FAQ CS1 Week 8

Muddiest Points from Lecture Material

  1. What is the difference between testing and debugging?

    When we test our program, we do so to find out IF it has any errors. When we debug our programs, we already know that there are errors and we try to use the information we know about the symptoms to FIND those errors.

  2. What's the difference between passing an array element to a method and passing an array?

    All arguments in Java are passed by value. This means that a method gets a COPY of the VALUE that is associated with the variable. For primitives, this is a COPY of the VALUE of the primitive. For objects, this is a COPY of the REFERENCE to the object.

    If the array elements are primitive types, say int, then when we pass an array element to a method that requires an int, the method's formal parameter receives a COPY of the VALUE of the array element, i.e., a copy of the int value. This is just like what happens when we pass any int to the method.

    If we pass an array to a method, then what is passed is a COPY of the REFERENCE to the array. (Note: An array is an object. When we declare an array, we only get a place to put an address/reference, not storage space for the elements of the array. To get the storage space for the elements of the array, we must instantiate the array.) The ramification of this is the same as if we were passing any object to a method, the contents of the object can be changed inside the method. In the case of an array, the contents of one or more array element may be changed. This is because the method has access to the contents of the object (in this case array elements) through the reference that was passed to it.

    I've created a little program ArrayPass.java (output) for you to try out.

    It should be noted that if the array were an array of objects, then passing an element of that array to a method would still leave us open for the contents of the object referred to by that array element being altered in that method....just like passing ANY other object to a method.

    Remember that you can download the files linked to the page by SHIFT - left-clicking on the link

  3. If I have a two dimensional array called arraOfNums and arrayOfNums.length tells me the number of rows in arrayOfNums, how can I find out the number of columns?

    Use arrayOfNums[ the_row_number ].length. Notice this means that different rows may have different lengths!

  4. I know that this has not been covered in class yet, but I am really confused about this. Yesterday I saw a program in which this code executed without error
    public static void main(String args[]){
    System.out.println( args.length )
    }
    I could not understand what this length refers to here as it does not have parentheses. I think args without any index refers to the first parameter, but what does this length variable refers to?

    In this case arg.length refers to the an instance constant for the args array (args is an array of String), whereas if we're talking about the length of a String string1, we are using a method, eg., string1.length(). The () tells us and the Java compiler that length is a method of the String class.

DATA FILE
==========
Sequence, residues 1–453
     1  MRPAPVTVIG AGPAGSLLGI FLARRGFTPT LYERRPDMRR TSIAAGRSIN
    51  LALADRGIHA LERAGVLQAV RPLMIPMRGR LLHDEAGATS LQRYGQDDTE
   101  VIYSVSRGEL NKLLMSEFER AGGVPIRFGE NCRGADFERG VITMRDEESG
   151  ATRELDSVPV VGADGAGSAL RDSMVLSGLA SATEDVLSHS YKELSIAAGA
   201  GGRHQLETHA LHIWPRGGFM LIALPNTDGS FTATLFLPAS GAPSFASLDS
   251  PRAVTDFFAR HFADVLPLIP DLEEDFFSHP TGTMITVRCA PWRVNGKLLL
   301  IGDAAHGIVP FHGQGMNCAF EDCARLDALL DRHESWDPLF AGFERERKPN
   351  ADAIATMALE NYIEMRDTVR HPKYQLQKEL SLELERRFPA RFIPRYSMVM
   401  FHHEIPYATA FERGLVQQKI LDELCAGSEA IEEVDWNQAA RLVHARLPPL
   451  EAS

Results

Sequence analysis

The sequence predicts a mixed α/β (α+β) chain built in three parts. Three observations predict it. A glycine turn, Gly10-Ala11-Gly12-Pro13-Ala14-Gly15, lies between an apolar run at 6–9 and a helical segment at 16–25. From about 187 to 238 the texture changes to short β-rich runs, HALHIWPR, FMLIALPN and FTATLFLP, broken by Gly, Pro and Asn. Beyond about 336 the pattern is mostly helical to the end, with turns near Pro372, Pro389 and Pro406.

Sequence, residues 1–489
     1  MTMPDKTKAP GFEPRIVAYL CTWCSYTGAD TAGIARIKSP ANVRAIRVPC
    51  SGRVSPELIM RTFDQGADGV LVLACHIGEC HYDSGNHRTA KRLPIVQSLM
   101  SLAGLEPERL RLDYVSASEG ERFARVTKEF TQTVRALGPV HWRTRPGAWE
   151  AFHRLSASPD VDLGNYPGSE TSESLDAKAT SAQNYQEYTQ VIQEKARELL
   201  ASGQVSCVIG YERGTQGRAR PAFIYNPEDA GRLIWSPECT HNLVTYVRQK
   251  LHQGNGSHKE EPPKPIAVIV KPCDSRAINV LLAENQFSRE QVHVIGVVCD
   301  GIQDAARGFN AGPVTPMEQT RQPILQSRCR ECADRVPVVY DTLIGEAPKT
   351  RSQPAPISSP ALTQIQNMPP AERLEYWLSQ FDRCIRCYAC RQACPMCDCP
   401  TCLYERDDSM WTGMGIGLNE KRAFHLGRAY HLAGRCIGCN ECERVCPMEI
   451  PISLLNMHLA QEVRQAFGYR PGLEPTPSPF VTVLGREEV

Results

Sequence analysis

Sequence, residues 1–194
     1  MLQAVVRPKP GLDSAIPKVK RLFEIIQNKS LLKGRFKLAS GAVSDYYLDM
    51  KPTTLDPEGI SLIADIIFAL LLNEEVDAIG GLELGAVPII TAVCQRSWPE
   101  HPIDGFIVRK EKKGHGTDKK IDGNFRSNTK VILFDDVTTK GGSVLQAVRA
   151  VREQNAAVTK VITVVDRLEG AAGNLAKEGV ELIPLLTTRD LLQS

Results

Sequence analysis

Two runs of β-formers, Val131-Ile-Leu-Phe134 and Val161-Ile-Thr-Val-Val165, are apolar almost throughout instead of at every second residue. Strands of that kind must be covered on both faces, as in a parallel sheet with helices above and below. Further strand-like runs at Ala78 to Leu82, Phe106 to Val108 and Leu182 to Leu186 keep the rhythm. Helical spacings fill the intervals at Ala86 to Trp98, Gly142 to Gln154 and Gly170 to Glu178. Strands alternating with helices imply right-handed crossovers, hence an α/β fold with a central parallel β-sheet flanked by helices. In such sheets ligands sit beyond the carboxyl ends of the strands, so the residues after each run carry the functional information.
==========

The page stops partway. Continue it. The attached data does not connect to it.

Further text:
5. What is meant by shallow and deep copies?

    Shallow copy and deep copy are terms that refer to copying containers of objects. For example, let's suppose we had an array of objects, Object [] a = new Object[ARRAY_SIZE];, that has been filled with objects of some sort. Suppose also that we need a second copy of this array and want to identify it as b; Think about what would happen if we said:

    Object [] b;
    b = a;
    This assignment would only provide us with a second reference to the SAME array and thus through the single array to the elements. This is NOT a copy.

    Our second approach might be to say

    Object [] b = new Object[a.length];

    for ( int i = 0; i < a.length; i++ ) {
       b[i] = a[i];
    }

    This approach gives a shallow copy of the array in b, in this case b is an array containing the same set of REFERENCES that the array a contains!

    To get a deep copy we must go AT LEAST one step further:

    Object [] b = new Object[a.length];

    for ( int i = 0; i < a.length; i++ ) {
       b[i] = new Object( a[i].makeDeepCopy( ));
    }

    where makeDeepCopy( ) is a method THAT MUST BE DESIGNED and DEFINED somehow. Notice that this is even more complex than it may first sound. Suppose the Objects that are stored in a have as one of their instance variables another Object or subclass of Object. For example, suppose that a is an array of a class of Students where a Student is an object that has as one of its instance variables a name, i.e., a String. If I try to make a deep copy of an elelment of a, i.e., one Student record, I must not only make a copy of the Student object referenced by a[i], I must also make a copy of the String object that is referred to by that Student object. And, I must do this for ALL objects not only in the Student object, but also for all objects that those objects reference, and so on. To state this another way, I would need to recursively make copies that all objects involved refer to!

    You'll be learning more about deep and shallow copies and recursion in future courses.


Nan C. Schaller
Rochester Institute of Technology
Computer Science Department
102 Lomb Memorial Dr.
Rochester, NY 14623-5608
telephone: +1.585.475.2139
fax: +1.585.475.7100
e-mail: ncs@cs.rit.edu
September 30, 2004
http://www.cs.rit.edu/~ncs/Courses/cs1/Muddy8.shtml